Like ancient tales such as Little Red Cap, in which the story is designed to be ‘performed’ rather than read, and in which the child audience grows deliciously scared at the point where the wolf eats the grandma up, this story has a theatre quality to it that will have young listeners cuddling up to their adult co-reader.
This is achieved, of course, by building up suspense. The marketing copy itself lets us know at exactly which point the turning point occurs:
The last time Eddie went for a walk in the woods, he had the biggest surprise of his life! There was a bear the size of a house in there! Now Eddie’s mom is in the mood to picnic in the wood—and she insists there aren’t any bears in there, (except Eddie’s teddy, Freddie). But when Mom forgets the blueberry pie, she runs home to get it while Eddie waits in the woods all alone! [TURNING POINT] What happens next? Just guess! Hold on to your teddies, because Jez Alborough is back with another hilarious story about little Eddie and that oversized bear—and this time he’s hungry!
First we have the set up, in which Mum denies the existence of a bear. Therefore, the experienced reader (and any young reader upon second reading) knows that a bear is definitely coming. This in itself builds suspense.
Most of the story is spent on the build up. We see four images of Eddy sitting on the picnic hamper — by the fourth image he is climbing inside to hide.
The following page shows us the first glimpse of the bear. We see Eddy’s eyes as he looks in fright out of the hamper, and we’re sure the bear can see him too.
The page after that is mostly black, and we see Eddy inside the hamper — a top-down view. This mirrors an earlier page in which both Eddy and Mum are looking into the hamper together. We have the same framing of the hamper — the first time we were from the perspective of the food and the large frame was white. This time we see Eddy, and link him to food — Eddy IS the food.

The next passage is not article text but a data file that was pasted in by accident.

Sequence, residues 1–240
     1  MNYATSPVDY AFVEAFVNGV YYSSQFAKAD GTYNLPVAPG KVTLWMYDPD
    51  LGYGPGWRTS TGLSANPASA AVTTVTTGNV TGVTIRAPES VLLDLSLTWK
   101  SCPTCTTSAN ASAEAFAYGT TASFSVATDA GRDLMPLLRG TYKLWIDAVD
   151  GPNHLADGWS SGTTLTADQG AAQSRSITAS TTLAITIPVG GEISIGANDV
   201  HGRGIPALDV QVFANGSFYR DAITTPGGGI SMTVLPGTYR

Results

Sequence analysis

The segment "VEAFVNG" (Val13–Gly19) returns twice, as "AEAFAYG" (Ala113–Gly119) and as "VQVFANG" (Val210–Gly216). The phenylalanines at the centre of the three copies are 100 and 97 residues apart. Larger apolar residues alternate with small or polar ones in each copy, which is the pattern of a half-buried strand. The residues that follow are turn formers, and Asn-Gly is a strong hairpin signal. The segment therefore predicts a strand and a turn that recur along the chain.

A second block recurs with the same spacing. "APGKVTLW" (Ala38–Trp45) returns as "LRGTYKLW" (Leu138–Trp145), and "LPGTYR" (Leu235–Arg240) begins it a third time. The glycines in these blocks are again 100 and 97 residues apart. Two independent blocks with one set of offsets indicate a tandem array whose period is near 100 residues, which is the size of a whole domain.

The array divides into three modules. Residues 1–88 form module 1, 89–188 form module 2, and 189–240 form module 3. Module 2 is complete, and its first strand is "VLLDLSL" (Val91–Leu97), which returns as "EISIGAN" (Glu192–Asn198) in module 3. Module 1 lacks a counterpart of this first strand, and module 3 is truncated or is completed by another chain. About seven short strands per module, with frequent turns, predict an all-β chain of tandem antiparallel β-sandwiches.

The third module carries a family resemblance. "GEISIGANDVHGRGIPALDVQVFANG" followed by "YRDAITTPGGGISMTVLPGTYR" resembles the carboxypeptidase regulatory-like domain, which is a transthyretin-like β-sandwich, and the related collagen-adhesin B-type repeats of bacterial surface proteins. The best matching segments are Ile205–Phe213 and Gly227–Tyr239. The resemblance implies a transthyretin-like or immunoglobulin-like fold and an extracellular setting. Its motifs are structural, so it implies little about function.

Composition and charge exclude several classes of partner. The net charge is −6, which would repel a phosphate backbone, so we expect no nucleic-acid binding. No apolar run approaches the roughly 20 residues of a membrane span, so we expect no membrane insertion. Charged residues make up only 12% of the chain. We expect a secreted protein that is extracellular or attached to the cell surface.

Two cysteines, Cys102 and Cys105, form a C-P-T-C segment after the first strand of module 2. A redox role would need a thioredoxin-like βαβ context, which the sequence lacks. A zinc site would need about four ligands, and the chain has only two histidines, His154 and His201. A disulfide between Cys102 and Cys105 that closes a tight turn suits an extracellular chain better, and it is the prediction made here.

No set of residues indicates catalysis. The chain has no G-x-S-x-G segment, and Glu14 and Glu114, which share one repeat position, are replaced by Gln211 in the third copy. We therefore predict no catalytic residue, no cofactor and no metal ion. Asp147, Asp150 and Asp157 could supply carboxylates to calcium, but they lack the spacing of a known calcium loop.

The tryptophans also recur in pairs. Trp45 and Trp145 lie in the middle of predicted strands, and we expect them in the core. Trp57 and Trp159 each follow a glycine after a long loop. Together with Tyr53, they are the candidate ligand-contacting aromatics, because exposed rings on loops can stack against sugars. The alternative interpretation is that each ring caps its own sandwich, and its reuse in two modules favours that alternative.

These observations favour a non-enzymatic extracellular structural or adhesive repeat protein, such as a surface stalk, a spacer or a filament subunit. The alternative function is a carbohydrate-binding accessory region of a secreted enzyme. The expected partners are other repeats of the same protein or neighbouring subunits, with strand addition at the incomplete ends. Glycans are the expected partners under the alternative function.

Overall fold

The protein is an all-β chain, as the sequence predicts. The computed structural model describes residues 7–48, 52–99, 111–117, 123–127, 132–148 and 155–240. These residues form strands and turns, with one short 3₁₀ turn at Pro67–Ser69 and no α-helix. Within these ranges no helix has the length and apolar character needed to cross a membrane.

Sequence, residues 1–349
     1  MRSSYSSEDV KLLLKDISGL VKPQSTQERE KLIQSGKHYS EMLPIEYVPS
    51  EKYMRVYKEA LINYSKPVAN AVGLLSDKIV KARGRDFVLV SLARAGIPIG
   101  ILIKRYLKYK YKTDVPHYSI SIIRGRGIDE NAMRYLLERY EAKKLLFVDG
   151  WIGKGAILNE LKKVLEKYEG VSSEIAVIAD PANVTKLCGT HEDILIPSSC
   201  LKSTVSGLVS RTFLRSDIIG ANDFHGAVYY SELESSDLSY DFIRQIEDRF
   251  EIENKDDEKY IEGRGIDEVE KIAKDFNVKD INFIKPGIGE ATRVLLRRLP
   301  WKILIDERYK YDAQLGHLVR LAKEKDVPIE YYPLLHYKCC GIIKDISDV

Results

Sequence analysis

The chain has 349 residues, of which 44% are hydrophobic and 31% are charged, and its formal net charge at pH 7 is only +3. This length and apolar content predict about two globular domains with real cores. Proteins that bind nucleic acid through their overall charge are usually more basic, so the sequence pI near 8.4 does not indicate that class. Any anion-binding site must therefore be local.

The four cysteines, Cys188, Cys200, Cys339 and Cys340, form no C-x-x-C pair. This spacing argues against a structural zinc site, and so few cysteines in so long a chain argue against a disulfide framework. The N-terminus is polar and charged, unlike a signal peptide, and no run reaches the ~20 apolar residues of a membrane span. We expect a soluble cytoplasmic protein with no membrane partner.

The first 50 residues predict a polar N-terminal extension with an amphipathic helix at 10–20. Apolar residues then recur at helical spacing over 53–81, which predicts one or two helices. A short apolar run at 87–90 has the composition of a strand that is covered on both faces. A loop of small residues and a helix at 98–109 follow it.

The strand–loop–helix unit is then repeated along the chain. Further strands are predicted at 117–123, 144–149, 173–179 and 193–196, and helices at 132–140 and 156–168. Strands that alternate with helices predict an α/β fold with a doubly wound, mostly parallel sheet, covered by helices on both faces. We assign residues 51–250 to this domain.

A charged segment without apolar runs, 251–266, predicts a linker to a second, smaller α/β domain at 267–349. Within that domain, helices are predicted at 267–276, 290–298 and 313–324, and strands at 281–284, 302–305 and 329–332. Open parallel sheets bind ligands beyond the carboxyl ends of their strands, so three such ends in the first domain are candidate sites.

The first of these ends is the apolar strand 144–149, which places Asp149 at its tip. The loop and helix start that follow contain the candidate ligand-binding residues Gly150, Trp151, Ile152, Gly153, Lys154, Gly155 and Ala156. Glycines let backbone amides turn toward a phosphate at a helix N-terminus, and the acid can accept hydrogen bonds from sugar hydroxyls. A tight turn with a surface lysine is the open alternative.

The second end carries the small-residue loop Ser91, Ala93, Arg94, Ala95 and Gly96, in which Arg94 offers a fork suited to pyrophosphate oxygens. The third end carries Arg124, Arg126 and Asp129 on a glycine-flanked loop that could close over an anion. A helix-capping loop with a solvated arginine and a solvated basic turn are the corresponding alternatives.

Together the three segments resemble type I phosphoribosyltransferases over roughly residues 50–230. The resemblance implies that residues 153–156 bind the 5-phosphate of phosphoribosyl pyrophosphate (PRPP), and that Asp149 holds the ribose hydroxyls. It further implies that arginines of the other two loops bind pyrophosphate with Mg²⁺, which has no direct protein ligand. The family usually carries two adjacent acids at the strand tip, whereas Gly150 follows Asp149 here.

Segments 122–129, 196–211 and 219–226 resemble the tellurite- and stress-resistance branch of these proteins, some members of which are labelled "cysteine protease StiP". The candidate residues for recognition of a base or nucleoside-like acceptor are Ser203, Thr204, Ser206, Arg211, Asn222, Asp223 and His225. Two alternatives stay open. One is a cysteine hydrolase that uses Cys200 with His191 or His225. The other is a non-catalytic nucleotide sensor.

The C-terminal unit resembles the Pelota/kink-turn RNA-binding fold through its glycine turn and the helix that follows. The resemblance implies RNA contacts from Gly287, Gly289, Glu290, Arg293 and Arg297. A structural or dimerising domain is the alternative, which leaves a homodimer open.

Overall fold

The reader wonders if the bear is going to squash the hamper, but he doesn’t. He (or she) sets up their own teddy bear and ‘greedily gobbles up all of the food’. The small size of the sandwich and plate emphasise the hugeness of the bear.
Take note how many separate illustrations depict the large bear’s realisation that there’s probably dessert in the hamper and actually opening it up. A more economical but far less suspenseful way to illustrate this would have been to show a single illustration (one of any of those shown here). What makes this a picture book rather than an illustrated story is the extra frames.
Notice also that the bear is, despite his size, a child character. We’re to assume he is scared of what’s inside the hamper as Eddy is scared of what’s outside it. One clue: the bear picks up his own teddy as comfort before looking inside — foreshadowing his reaction.
The next two spreads, which readers are to fully enjoy, include between 3 and 5 words each. “Help! shouted Eddy. I want my Mum!”
Adroit framing builds the story for the next big enjoyable surprise: Eddy and Bear have already had their confrontation, now it’s mum’s turn to jump out of her skin. We see her in the distance, but the illustration is framed by the bear’s massive furry leg. Another scene shows her walking closer, with a big smile on her face and a blueberry pie balanced for the taking on her hand, waiter-style. For visual interest, the big bear’s toy teddy is included in this frame.